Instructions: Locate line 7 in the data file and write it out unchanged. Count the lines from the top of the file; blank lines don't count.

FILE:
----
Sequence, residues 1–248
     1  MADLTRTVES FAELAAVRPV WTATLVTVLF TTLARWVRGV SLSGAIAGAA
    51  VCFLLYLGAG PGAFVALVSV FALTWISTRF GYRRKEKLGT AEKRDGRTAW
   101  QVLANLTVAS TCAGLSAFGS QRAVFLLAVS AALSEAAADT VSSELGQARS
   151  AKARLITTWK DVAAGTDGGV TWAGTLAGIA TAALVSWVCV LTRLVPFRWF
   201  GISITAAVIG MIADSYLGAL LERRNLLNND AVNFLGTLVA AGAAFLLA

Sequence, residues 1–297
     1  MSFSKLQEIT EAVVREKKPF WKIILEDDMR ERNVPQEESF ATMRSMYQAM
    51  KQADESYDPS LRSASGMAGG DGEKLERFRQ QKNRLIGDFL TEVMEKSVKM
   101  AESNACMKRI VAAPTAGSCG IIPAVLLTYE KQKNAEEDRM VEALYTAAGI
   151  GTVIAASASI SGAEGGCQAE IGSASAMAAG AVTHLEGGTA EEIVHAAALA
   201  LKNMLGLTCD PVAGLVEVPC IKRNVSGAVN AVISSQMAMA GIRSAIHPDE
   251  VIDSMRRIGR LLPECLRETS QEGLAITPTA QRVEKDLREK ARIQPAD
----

Sequence, residues 1–297